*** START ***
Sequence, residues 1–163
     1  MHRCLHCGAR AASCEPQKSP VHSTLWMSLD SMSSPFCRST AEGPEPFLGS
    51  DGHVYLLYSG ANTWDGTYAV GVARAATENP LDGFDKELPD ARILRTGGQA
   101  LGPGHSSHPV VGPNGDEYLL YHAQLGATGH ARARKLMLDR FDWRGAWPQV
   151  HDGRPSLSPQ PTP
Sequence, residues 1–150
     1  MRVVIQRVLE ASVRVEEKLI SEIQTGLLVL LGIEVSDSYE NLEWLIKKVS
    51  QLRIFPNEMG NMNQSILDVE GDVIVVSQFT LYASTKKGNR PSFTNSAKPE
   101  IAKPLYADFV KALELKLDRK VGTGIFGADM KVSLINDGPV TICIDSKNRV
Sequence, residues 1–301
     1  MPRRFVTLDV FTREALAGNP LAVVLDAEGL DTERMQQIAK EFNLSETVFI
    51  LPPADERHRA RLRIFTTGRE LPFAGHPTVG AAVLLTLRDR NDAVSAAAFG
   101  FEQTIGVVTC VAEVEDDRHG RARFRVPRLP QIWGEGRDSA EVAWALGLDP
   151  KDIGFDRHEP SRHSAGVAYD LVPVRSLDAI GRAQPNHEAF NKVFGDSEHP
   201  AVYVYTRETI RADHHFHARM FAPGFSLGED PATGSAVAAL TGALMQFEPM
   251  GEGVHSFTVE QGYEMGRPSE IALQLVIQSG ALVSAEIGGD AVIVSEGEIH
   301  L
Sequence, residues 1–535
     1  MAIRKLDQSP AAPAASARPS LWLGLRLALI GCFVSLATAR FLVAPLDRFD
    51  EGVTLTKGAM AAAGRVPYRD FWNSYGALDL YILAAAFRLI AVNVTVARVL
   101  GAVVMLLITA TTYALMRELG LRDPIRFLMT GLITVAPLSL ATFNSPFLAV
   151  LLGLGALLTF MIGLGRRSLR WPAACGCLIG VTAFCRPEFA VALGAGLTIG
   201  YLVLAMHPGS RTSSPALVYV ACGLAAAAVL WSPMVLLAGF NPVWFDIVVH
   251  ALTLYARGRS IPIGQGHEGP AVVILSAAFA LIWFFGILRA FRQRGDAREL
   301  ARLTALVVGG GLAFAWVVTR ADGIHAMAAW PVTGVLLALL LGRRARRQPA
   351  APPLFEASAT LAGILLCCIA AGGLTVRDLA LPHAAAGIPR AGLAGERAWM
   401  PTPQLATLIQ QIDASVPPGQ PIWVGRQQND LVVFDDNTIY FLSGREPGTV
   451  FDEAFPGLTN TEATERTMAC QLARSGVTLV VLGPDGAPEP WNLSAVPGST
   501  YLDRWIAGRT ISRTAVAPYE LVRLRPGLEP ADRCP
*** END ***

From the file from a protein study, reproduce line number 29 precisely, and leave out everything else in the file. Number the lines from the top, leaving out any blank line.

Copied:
   501  YLDRWIAGRT ISRTAVAPYE LVRLRPGLEP ADRCP